Unless you have been living under a rock, you will know that smoking cigarettes is associated with a lot of different health problems.
In a lot of countries, some of these health issues are printed on the cigarette packet, with serious warnings in bold writing, and graphic images. That is why you know that smoking isn’t good for you.
However, there are lots of health issues associated with smoking that you don’t really hear much about. These are mainly the health issues that do not focus on your lungs and respiratory system. Such as blood clots.
Blood clots are incredibly dangerous, and they are associated with lots of other serious conditions. But does smoking have a link with blood clots? In this guide, we’ll take a look if smoking can cause blood clots, and lots more. So to find out more, keep on reading.
What Are Blood Clots?
First, let’s take a look at what blood clots are. As you probably already know, blood clots are a serious health condition that is linked with lots of other serious conditions.
Blood clots are formed when blood coagulates, and they are the final step in hemostasis. Sometimes, you will also hear a blood clot referred to as a thrombus.
Blood clots form when your blood begins to thicken. While blood usually has a liquid consistency, it can thicken. When this happens, the blood will form a semi-solid mass. A mass that is soft to the touch, but hard enough to cause issues.
This is primarily because blood clots will travel through your veins and arteries as though they are normal blood, even though they are very different.
Blood clots do not magically appear, something must happen to trigger them. Most of the time, there will be an injury that triggers the thickening process. However, it is not always possible to pinpoint the injury that triggered this.
That is why some people think that blood clots come out of nowhere. But, most of the time, you will be able to trace them back to a trigger. But could this trigger be smoking? Let’s take a look.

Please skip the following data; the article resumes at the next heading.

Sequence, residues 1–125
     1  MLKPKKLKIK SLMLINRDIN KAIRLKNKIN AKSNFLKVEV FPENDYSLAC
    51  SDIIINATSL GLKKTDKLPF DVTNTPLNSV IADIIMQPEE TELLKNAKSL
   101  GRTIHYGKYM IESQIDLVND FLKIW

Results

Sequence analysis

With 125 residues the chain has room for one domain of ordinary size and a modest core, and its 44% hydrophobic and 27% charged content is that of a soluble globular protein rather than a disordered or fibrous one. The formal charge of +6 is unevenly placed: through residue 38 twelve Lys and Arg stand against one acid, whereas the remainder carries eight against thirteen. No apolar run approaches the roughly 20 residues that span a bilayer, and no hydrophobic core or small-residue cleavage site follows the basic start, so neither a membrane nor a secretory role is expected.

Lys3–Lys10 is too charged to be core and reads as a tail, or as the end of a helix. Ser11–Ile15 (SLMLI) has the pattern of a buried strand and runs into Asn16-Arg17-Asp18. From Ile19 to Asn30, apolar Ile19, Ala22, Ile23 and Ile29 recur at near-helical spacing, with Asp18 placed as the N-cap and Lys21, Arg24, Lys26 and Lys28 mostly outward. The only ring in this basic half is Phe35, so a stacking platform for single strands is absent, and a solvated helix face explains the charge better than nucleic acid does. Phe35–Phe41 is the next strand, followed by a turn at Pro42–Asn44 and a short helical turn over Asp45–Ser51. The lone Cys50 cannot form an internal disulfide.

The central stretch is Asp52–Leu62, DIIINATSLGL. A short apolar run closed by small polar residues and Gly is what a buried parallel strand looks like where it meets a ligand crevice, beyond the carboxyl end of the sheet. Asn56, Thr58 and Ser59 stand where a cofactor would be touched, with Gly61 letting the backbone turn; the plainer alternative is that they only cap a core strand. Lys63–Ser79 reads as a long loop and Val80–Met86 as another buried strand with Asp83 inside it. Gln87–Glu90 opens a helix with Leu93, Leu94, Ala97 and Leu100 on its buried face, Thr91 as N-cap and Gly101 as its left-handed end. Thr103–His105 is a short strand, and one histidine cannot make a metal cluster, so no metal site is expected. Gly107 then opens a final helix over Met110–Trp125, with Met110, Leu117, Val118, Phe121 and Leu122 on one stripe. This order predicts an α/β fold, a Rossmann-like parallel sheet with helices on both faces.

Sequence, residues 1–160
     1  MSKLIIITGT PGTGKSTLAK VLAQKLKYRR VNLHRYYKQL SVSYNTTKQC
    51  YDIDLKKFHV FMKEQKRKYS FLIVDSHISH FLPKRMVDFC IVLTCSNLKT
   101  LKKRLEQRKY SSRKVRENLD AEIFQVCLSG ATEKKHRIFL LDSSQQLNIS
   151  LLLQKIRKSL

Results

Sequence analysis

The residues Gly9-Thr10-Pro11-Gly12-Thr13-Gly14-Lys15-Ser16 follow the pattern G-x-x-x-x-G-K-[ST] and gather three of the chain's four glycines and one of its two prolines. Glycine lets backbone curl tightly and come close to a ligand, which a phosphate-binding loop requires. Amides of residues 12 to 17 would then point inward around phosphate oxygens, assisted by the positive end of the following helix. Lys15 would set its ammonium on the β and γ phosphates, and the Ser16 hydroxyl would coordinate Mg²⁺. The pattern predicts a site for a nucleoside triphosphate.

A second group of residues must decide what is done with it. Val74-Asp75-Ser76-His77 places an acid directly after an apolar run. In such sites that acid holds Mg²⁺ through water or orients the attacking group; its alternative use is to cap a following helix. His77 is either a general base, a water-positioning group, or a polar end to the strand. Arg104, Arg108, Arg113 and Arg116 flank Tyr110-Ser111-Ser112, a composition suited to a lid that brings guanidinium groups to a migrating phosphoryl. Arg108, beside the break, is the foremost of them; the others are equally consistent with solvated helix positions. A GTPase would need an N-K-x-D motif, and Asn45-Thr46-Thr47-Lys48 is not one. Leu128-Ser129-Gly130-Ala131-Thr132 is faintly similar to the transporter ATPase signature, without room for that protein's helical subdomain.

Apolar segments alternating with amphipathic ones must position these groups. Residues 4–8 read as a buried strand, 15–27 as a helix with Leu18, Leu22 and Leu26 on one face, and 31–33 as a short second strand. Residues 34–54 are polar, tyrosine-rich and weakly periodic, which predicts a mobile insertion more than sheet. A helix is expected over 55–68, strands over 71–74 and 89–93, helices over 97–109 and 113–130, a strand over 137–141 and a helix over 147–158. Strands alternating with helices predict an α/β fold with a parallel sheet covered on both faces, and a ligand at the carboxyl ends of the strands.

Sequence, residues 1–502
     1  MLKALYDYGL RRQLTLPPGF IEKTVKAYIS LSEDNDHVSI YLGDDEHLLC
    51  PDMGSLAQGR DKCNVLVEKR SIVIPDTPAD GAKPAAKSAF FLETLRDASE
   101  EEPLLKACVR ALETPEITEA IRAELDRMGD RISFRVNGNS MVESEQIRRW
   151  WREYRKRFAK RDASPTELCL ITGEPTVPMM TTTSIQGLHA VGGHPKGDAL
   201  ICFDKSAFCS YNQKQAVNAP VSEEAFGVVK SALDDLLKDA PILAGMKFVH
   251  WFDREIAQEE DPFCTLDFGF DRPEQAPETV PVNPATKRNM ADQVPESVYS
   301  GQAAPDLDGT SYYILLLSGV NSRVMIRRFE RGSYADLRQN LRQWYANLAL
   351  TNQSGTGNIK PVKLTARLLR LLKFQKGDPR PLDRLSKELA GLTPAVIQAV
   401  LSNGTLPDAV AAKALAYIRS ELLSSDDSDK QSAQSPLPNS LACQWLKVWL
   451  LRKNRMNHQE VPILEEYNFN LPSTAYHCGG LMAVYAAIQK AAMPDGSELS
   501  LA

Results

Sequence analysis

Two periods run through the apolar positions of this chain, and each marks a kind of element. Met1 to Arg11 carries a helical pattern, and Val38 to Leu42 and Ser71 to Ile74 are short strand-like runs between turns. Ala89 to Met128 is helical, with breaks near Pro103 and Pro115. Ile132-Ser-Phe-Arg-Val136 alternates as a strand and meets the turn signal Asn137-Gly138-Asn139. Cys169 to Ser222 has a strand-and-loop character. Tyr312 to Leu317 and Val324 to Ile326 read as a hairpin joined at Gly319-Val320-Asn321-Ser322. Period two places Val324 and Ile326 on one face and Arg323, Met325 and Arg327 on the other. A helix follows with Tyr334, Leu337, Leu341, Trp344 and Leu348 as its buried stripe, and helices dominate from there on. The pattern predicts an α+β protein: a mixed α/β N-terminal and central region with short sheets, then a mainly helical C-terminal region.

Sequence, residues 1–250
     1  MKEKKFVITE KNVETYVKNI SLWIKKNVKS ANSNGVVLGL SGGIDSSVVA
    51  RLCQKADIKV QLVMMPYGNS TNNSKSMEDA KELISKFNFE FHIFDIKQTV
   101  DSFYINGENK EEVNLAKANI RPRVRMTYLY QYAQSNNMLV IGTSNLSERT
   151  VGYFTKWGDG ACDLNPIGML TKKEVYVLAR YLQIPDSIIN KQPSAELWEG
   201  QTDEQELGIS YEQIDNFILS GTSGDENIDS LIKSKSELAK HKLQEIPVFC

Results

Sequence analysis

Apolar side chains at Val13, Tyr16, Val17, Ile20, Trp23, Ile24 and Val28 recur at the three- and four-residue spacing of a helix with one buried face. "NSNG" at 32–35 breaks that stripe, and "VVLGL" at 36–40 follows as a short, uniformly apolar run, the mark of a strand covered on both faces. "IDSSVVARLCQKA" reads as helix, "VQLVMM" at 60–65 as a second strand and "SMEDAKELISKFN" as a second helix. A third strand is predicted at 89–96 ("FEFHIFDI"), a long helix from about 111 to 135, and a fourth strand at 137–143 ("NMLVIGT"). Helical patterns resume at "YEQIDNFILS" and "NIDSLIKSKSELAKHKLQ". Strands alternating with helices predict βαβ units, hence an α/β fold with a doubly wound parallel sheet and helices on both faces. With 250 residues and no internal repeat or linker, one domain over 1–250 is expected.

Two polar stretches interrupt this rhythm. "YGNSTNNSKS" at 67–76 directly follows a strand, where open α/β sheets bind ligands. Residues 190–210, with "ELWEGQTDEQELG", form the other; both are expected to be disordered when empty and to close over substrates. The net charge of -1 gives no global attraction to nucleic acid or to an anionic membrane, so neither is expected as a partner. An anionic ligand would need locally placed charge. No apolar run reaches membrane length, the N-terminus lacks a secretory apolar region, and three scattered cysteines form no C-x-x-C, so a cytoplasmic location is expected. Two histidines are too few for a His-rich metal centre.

Does Smoking Cause Blood Clots?
So, your blood coagulates and forms blood clots when it is triggered to do so. These triggers are usually caused by trauma or injury, however sometimes, pinpointing the damage can be a little more tricky.
This is because blood clots can sometimes be caused by things that we put into our body. For example, a lot of oral contraceptive pills list blood clots as a possible side effect. So, if hormonal birth control can cause blood clots, can smoking?
There is evidence that smoking can cause blood clots. There are a lot of studies that show that smoking cigarettes will increase your risk of blood clots.
Similar to how taking most contraceptive pills will increase your risk of blood clots. As we know, blood clots are caused by trauma, and smoking cigarettes causes a lot of trauma to your body.
When you smoke cigarettes, the ingredients in the cigarettes cause damage to the lining of your blood vessels. As the blood vessels become damaged, the blood becomes more likely to thicken which then causes blood clots.
Likewise, the ingredients in cigarettes also cause the platelets of your blood to fuse together, making your blood thicker, and increasing your chances of experiencing blood clots even further.
How Likely Is It To Get Blood Clots From Smoking?
So, smoking does increase your risk of experiencing blood clots. But, by how much does it increase? Well, that depends on how often you have smoked.
Not only is your risk of blood clots increased if you currently smoke, but your risk of blood clots will increase if you have ever smoked. At least that is what one study by Sun Yat-sen University in China has found.